The Trust AGM held last week was well received with about 100 members attending. The slight delay at the start was due not just to members renewing their subscriptions, but also to new members joining. Total membership is now over 500.
The existing Board members were unanimously elected to continue as Trustees. John Walpole presented the Accounts – we have spent £60,000 raised so far on the Purifier Building, mostly restoring the roof and windows, and installing power, but also a mandatory survey for non existent bats.
Professor Chris Wright, who represents us on the Faversham Creek Consortium, outlined the status of the Neighbourhood Plan, and the need to overcome some some controversial issues, especially the future of Ordnance Wharf, to ensure that the Neighbourhood Plan is voted through at the Referendum next year.
Speaking later, SBC Cllr Mike Cosgrove also emphasised the need to reach some agreement over Ordnance Wharf and the danger of not having a binding Creek Plan; developers would then have a virtually free rein. This is a one shot opportunity which the Town must get right, and win.
David Gwyn Jones talked about the work completed on the Purifier – over 40 tons of rubbish and scrap removed – by hand! The roof on the East end has been renewed, the gables repointed, and most of the windows restored to a usable state with temporary glazing. The main South wing has had the slates stripped, which unfortunately revealed that our estimate of the number that could be re-used was entirely wrong – none are suitable for re-use, which will significantly increase the cost.
Simon Foster outlined our proposals for a new opening bridge. KCC would like to see a fixed bridge but the project relies on an opening bridge; they are prepared to put their estimated cost of a fixed bridge, £400,000, towards an opening bridge; however we believe that an opening bridge can be installed for much less than KCC have suggested. There are many examples of modern lifting bridges in this country and in Holland, and the Trust has carried out a survey to look at all the different designs, and suppliers; conclusions will be published soon.
There was some discussion about traffic delays when the bridge opens. Comparison with other bridges shows that the roads are closed for only minutes to allow a boat through, and as boat movements can only take place at High Water, which would be once a day during daylight hours, the impact is unlikely to be significant. The issue will be fully investigated by Professor Chris Wright, who is an acknowledged expert in this field.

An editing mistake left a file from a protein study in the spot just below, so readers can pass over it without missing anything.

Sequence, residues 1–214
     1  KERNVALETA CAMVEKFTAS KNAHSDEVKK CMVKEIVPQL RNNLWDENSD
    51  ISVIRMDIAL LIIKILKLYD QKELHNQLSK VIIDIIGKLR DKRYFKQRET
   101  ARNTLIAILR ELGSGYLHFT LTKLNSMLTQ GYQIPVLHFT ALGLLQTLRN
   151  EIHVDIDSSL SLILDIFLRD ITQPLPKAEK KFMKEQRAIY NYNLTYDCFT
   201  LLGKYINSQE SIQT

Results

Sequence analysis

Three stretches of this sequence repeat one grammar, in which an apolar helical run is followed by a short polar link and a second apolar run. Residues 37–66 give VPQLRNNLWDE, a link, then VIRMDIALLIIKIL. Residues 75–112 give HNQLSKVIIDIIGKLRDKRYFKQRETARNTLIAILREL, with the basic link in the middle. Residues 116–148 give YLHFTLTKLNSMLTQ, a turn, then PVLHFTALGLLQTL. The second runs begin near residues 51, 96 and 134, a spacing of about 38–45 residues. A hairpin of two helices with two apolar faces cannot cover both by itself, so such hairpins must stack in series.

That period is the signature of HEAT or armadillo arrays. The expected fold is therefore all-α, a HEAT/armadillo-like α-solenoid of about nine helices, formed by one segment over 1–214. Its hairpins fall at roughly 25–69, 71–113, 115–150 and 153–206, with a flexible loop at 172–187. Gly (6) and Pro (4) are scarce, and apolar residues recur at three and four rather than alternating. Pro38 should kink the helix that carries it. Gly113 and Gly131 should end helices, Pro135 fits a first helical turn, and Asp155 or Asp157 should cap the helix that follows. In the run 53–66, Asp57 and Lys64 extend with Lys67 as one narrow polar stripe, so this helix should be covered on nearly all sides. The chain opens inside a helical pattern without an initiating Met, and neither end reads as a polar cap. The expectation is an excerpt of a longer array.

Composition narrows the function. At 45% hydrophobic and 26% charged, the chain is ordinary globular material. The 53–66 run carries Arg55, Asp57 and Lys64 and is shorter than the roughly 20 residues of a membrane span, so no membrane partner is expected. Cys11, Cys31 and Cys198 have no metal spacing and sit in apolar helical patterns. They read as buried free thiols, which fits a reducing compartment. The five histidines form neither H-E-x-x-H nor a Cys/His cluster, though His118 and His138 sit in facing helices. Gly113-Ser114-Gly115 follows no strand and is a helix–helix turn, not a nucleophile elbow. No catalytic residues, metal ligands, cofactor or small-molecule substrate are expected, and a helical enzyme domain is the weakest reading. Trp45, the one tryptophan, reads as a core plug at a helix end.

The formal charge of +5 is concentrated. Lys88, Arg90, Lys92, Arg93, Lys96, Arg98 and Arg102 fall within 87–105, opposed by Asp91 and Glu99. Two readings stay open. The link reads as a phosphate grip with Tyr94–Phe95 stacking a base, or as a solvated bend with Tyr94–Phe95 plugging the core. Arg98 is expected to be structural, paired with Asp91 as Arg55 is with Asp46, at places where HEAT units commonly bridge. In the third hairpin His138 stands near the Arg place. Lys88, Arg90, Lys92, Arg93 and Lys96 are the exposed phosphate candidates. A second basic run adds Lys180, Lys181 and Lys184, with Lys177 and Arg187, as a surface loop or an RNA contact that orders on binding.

It is worth mentioning that when bridges open for boats, such as at St Katherine’s Dock, they always attract a crowd and are a real tourist attraction. Also, the existing historic bridge mechanism, hidden in the pump house, would make another interesting tourist attraction, as we believe it was made by the same engineers who built Tower Bridge in London, and uses a similar hydraulic mechanism which could be better displayed elsewhere.
The meeting also heard supportive statements from KCC Cllr Tom Gates, and Faversham Mayor David Simmons, and a representative from Standard Quay reminded us that there are still facilities available for boat repairs at Standard Quay.
A special thank you was given to Sixer Boorman, not just for his consistent efforts at the Purifier building, along with a team of other volunteers who also deserve special mention, but especially for organising the September Barn Dance that raised more than £2,200.
We will improve our communications with our volunteers and members, and are about to launch a new local fund-raising campaign to continue the next phase of work on the Purifier Building. Please subscribe to this website for the latest news. This would save much effort in creating and publishing separate newsletters, and would reduce the need for printed and posted newsletters.
We believe that the whole community will benefit from an estimated return of about 12 times the investment in the social economy. (KCC figures). A comparison made with Maldon in Essex, another popular barge centre of similar size, showed that their tourism is double that in Faversham.
In summary, we are on track to meet our vision to see the whole Creek energised as an active maritime centre using the Basin as a home port for barges and traditional craft, and with repair and maintenance facilities for them right here in the town centre; the Purifier will then become a true community resource at the centre.